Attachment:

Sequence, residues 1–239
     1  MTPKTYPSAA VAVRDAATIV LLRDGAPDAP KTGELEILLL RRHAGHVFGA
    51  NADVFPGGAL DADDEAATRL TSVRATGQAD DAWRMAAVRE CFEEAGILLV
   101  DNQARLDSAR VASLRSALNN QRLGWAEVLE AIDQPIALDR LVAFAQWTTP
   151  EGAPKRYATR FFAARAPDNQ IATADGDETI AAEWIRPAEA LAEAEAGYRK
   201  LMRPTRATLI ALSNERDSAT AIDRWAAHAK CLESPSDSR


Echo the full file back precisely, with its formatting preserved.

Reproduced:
Sequence, residues 1–239
     1  MTPKTYPSAA VAVRDAATIV LLRDGAPDAP KTGELEILLL RRHAGHVFGA
    51  NADVFPGGAL DADDEAATRL TSVRATGQAD DAWRMAAVRE CFEEAGILLV
   101  DNQARLDSAR VASLRSALNN QRLGWAEVLE AIDQPIALDR LVAFAQWTTP
   151  EGAPKRYATR FFAARAPDNQ IATADGDETI AAEWIRPAEA LAEAEAGYRK
   201  LMRPTRATLI ALSNERDSAT AIDRWAAHAK CLESPSDSR